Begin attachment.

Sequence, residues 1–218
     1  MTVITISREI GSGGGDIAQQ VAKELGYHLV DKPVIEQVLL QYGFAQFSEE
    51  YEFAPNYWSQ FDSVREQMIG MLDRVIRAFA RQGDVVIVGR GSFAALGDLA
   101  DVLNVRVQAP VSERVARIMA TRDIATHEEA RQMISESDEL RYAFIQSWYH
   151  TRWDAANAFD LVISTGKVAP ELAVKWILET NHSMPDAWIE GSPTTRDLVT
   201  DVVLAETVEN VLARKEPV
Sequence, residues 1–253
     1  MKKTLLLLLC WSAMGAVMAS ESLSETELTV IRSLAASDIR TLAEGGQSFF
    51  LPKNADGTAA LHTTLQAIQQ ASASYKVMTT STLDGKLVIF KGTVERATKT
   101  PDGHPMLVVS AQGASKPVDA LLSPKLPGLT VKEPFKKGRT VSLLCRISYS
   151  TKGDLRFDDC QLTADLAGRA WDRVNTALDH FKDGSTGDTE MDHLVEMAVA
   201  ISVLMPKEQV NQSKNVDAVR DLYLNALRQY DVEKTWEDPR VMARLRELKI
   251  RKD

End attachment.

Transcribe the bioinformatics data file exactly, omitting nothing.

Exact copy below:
Sequence, residues 1–218
     1  MTVITISREI GSGGGDIAQQ VAKELGYHLV DKPVIEQVLL QYGFAQFSEE
    51  YEFAPNYWSQ FDSVREQMIG MLDRVIRAFA RQGDVVIVGR GSFAALGDLA
   101  DVLNVRVQAP VSERVARIMA TRDIATHEEA RQMISESDEL RYAFIQSWYH
   151  TRWDAANAFD LVISTGKVAP ELAVKWILET NHSMPDAWIE GSPTTRDLVT
   201  DVVLAETVEN VLARKEPV
Sequence, residues 1–253
     1  MKKTLLLLLC WSAMGAVMAS ESLSETELTV IRSLAASDIR TLAEGGQSFF
    51  LPKNADGTAA LHTTLQAIQQ ASASYKVMTT STLDGKLVIF KGTVERATKT
   101  PDGHPMLVVS AQGASKPVDA LLSPKLPGLT VKEPFKKGRT VSLLCRISYS
   151  TKGDLRFDDC QLTADLAGRA WDRVNTALDH FKDGSTGDTE MDHLVEMAVA
   201  ISVLMPKEQV NQSKNVDAVR DLYLNALRQY DVEKTWEDPR VMARLRELKI
   251  RKD